- The World Health Organisation (WHO) has launched guidelines on self-care interventions for health. The WHO’s first volume of guidelines focus on sexual and reproductive health and rights (SRHR).
- The WHO’s definition of self-care is “the ability of individuals, families and communities to promote health, prevent disease, maintain health, and cope with illness and disability with or without the support of a health-care provider.”
- The WHO has observed that promoting self-care is particularly important given the rising shortage of healthcare providers. It is estimated that there will be a shortage of 12.9 million healthcare workers by 2035.
- Some of the interventions put forward by WHO for self-care specific to SRHR include: a) Self-collection of samples for common STIs, b) Self-sampling for human papillomavirus testing, c) Self-administration of injectable contraception, d) Home-based ovulation predictor kits, e) HIV self-testing and f) Self-management of medical abortion.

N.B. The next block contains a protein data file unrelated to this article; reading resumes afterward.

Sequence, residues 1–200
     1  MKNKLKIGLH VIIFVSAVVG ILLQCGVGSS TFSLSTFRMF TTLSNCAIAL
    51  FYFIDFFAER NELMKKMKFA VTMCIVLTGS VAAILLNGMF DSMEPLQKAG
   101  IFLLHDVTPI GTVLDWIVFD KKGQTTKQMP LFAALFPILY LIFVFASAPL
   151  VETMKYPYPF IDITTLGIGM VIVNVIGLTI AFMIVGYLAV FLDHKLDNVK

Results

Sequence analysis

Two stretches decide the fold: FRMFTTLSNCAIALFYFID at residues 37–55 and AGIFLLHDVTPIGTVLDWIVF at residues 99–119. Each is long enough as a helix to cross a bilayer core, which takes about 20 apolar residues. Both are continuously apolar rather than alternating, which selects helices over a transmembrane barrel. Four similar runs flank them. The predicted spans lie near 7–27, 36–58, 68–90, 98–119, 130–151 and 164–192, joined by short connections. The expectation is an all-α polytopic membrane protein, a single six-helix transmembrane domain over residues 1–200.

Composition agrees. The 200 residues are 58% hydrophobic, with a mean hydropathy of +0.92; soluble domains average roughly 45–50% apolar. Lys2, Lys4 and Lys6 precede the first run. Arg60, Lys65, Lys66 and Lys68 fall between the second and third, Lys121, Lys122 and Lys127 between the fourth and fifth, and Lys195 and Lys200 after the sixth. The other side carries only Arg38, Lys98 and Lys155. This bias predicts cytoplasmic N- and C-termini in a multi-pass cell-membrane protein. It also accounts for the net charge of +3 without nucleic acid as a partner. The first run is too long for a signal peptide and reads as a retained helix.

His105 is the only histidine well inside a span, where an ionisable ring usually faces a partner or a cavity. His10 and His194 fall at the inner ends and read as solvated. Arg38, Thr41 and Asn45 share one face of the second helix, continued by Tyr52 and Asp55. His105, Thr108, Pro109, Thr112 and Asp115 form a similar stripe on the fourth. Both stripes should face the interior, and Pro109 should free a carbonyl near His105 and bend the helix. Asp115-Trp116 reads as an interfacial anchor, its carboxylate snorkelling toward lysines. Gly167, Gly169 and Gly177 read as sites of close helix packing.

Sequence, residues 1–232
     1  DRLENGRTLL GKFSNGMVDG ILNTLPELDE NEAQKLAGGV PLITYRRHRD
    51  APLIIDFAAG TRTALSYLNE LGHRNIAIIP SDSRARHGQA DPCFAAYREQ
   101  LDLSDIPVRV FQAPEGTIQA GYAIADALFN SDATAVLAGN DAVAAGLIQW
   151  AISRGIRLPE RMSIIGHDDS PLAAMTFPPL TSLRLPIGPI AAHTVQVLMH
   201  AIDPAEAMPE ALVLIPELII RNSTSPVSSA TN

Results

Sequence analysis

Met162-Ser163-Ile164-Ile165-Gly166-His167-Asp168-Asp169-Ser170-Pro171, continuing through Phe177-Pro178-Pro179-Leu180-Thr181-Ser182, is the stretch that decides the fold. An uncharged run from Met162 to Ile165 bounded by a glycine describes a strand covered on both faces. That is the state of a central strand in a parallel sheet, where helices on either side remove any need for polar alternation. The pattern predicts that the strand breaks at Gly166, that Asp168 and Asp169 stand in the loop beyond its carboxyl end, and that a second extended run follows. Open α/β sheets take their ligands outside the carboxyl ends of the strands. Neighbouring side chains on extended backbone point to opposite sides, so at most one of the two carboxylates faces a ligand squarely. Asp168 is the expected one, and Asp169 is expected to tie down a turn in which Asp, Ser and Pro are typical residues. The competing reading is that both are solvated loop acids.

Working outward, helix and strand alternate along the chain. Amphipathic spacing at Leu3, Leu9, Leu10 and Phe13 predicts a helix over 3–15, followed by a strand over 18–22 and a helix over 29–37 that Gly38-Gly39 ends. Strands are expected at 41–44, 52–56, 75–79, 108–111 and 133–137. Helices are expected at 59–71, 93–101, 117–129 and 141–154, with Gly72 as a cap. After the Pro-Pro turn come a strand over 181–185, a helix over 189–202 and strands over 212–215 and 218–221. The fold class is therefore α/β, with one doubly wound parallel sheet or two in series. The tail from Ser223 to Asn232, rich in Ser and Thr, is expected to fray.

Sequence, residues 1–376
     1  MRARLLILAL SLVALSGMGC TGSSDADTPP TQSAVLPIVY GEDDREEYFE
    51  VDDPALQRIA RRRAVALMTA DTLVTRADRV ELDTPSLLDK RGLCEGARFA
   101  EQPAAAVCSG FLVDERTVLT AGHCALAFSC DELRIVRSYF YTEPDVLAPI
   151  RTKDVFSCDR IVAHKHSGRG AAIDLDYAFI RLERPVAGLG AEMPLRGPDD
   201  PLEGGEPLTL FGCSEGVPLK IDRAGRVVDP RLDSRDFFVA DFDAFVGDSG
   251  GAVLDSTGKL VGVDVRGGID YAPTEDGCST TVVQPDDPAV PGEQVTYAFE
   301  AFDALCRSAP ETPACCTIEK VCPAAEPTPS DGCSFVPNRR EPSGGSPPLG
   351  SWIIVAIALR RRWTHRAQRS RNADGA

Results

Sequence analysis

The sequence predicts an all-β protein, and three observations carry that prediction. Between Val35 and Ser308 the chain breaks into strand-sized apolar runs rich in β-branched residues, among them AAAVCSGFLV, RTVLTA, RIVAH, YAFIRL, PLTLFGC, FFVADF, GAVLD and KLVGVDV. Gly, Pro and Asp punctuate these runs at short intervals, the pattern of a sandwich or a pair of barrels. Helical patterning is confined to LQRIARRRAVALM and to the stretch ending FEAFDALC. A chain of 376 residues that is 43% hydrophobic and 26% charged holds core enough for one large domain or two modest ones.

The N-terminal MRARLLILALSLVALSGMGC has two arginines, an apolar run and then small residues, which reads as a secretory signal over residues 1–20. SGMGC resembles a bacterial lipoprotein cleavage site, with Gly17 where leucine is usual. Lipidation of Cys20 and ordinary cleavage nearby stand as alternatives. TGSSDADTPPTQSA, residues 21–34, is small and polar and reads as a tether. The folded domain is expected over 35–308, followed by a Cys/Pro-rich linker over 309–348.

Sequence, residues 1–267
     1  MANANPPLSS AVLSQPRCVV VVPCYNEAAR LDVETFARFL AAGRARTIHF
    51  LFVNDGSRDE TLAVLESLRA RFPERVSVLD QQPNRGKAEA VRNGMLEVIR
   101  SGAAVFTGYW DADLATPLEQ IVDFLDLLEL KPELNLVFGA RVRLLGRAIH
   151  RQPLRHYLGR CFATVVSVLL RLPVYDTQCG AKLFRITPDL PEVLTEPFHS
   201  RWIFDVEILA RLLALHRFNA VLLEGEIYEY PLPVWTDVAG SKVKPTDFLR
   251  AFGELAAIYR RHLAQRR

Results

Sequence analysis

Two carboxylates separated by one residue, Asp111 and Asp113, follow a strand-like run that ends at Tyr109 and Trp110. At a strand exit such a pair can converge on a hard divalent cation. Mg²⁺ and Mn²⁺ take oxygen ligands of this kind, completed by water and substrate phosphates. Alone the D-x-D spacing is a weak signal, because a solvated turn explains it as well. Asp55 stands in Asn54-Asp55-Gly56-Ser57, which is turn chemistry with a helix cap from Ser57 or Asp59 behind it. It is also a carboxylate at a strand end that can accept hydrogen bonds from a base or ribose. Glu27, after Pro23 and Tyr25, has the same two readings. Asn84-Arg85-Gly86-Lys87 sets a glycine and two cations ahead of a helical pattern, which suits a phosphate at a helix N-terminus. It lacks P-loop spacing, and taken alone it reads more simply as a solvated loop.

- The WHO has noted that supporting self-care interventions has the potential to a) strengthen national institutions to maximize efficient use of domestic resources for health, b) create health sector innovations by digital and mhealth approaches and c) improve access to medicines and interventions through optimal interfacing between health systems and sites of health care delivery.
- WHO has further noted that self-care is also a means for people who are negatively affected by gender, political, cultural and power dynamics.
WHO has decided to establish a community of practice for self-care. It will also promote research and dialogue in this area during the Self-care month between June 24 and July 24.